(RxWiki News) Previous studies have shown mixed results when it comes to debating whether coronary artery bypass surgery is safer "on pump" with the heart stopped or on a beating heart.
The large CORONARY trial has found that both methods are just as safe, though there are clinical differences between the two when it comes to the procedure and recovery.
"Talk to your cardiologist about the benefits of each bypass method."
While patients were being recruited for the CORONARY trial, initial published results from the ROOBY (Randomized On/Off Bypass) trial suggested worse outcomes for off-pump bypass.
Dr. André Lamy, from the division of cardiac surgery at Canada’s McMaster University and one of the study’s lead investigators, said that after those preliminary ROOBY results, investigators reviewed the CORONARY trial design and decided to continue the trial with approval from the Data Safety Monitoring Board.
ROOBY was through the U.S. Veterans Administration at only 18 hospitals, while the CORONARY trial was considerably larger, and included more women, sicker patients and surgeons who were more experienced with the off-pump procedure, he said.
In the off-pump procedure a surgeon uses a retractor to lift the still-beating heart to perform the bypass graft. In the on-pump method, a patient's heart is stopped and blood is circulated through a heart-lung machine, where it is oxygenated before being returned to the patient.
During the randomized CORONARY trial at 79 medical centers in 19 countries, which began in October 2007, 4,752 patients with coronary artery disease were enrolled. The participants already planned to undergo coronary artery bypass graft surgery. They were randomly assigned to the on-pump or off-pump method after an assessment to ensure they were a suitable candidate for the chosen technique.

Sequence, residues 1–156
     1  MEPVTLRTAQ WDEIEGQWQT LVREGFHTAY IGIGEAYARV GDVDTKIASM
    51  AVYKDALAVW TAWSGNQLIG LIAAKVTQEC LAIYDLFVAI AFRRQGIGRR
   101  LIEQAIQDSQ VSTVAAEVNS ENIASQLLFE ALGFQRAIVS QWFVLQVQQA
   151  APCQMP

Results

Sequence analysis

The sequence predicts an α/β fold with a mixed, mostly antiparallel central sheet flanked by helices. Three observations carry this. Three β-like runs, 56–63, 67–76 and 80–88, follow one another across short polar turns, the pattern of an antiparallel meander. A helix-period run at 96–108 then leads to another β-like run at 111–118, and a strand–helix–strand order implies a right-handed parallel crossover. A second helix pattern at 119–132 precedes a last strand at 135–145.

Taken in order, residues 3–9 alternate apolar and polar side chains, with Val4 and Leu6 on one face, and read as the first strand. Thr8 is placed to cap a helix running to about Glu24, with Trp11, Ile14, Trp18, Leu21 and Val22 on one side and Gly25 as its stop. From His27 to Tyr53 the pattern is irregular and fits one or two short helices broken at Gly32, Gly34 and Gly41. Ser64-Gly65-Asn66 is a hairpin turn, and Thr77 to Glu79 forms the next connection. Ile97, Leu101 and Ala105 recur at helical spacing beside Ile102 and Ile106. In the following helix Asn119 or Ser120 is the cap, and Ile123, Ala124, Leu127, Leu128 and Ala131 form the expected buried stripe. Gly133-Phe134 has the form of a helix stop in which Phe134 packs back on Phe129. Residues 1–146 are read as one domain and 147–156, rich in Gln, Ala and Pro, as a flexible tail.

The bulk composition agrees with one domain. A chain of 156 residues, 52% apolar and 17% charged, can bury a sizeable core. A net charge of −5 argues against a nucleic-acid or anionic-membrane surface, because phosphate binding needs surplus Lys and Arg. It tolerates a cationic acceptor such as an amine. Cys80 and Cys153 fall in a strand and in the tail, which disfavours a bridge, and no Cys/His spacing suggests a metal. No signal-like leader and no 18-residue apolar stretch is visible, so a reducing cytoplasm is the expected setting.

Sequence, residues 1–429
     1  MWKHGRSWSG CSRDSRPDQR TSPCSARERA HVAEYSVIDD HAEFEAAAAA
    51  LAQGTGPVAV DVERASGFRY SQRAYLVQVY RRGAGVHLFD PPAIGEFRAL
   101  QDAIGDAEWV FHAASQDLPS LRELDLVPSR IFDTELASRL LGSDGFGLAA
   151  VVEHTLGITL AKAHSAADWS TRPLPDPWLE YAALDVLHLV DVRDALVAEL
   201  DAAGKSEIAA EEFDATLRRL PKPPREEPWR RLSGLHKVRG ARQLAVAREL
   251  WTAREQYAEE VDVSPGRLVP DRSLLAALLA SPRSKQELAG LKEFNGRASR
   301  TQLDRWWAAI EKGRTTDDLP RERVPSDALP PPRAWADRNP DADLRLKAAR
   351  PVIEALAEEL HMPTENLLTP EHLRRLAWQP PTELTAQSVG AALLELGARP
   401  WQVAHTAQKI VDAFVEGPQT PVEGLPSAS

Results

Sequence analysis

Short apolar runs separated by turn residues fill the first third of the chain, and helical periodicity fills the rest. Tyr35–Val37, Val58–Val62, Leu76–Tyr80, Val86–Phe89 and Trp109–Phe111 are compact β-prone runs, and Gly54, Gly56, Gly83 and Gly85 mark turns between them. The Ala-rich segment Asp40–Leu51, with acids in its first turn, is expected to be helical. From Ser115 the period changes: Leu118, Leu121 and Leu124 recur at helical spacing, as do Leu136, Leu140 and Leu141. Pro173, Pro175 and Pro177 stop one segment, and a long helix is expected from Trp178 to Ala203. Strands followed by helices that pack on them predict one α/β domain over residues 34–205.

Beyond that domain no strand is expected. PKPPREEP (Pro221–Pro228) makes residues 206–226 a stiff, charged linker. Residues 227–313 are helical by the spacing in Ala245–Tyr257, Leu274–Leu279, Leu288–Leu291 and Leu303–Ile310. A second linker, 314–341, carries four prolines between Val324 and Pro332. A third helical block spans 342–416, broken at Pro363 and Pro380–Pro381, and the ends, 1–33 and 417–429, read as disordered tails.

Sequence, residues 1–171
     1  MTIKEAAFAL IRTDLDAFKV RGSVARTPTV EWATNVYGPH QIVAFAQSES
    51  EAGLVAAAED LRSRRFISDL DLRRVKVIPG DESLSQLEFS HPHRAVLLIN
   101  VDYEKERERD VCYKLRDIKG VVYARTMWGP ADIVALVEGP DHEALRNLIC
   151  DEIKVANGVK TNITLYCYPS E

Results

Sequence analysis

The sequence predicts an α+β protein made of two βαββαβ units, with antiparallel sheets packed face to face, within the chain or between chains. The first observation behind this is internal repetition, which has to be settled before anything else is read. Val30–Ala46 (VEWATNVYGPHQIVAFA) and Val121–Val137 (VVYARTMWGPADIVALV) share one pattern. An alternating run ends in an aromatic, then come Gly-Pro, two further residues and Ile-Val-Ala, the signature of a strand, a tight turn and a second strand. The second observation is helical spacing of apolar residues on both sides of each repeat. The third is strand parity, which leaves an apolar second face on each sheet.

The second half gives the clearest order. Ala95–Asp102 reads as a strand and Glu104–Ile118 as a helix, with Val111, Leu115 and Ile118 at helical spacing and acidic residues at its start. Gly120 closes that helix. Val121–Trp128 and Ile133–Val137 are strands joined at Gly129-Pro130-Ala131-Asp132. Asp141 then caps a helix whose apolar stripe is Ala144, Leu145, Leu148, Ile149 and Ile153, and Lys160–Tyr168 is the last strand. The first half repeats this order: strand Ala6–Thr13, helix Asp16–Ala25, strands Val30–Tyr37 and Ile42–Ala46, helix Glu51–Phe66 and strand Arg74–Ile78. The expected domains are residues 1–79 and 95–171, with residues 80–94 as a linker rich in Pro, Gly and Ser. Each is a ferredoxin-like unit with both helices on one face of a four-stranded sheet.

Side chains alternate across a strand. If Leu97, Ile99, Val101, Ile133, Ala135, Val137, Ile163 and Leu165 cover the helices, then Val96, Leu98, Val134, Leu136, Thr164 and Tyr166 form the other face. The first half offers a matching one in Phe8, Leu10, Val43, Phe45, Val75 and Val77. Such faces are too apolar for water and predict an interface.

The mean patients age was 68 years old, and 81 percent of participants were men. The average number of grafts performed per patient was three.
Both procedures were found to be safe. Among off-pump patients, 9.9 percent died, had a heart attack, stroke or kidney failure at 30 days after the procedure as compared to 10.3 percent in the pump group. The difference was not considered statistically significant. There also were no differences found among the composite outcome, which combines outcomes into one measure.
They did find some differences between the types of procedures though. When the procedure was performed on a beating heart, fewer blood products were needed and patients were less likely to need an additional operation for bleeding, pulmonary complications or acute kidney injury. However, Dr. Lamy noted that there was a higher rate of revascularization in off-pump patients, meaning that the surgery did not completely work, though that complication was rare.
“This introduces a new concept in cardiac surgery, allowing patient-specific decisions for bypass surgery,” Dr. Lamy said. “Off-pump procedures are trickier and more stressful, and the benefit is for the patient, not the surgeon, so in many places, they’re simply not done. My goal is to persuade surgeons to individualize the technique – to do off-pump bypass or on-pump when indicated – so their patients will benefit.”
The study was presented Monday at the American College of Cardiology’s annual scientific sessions.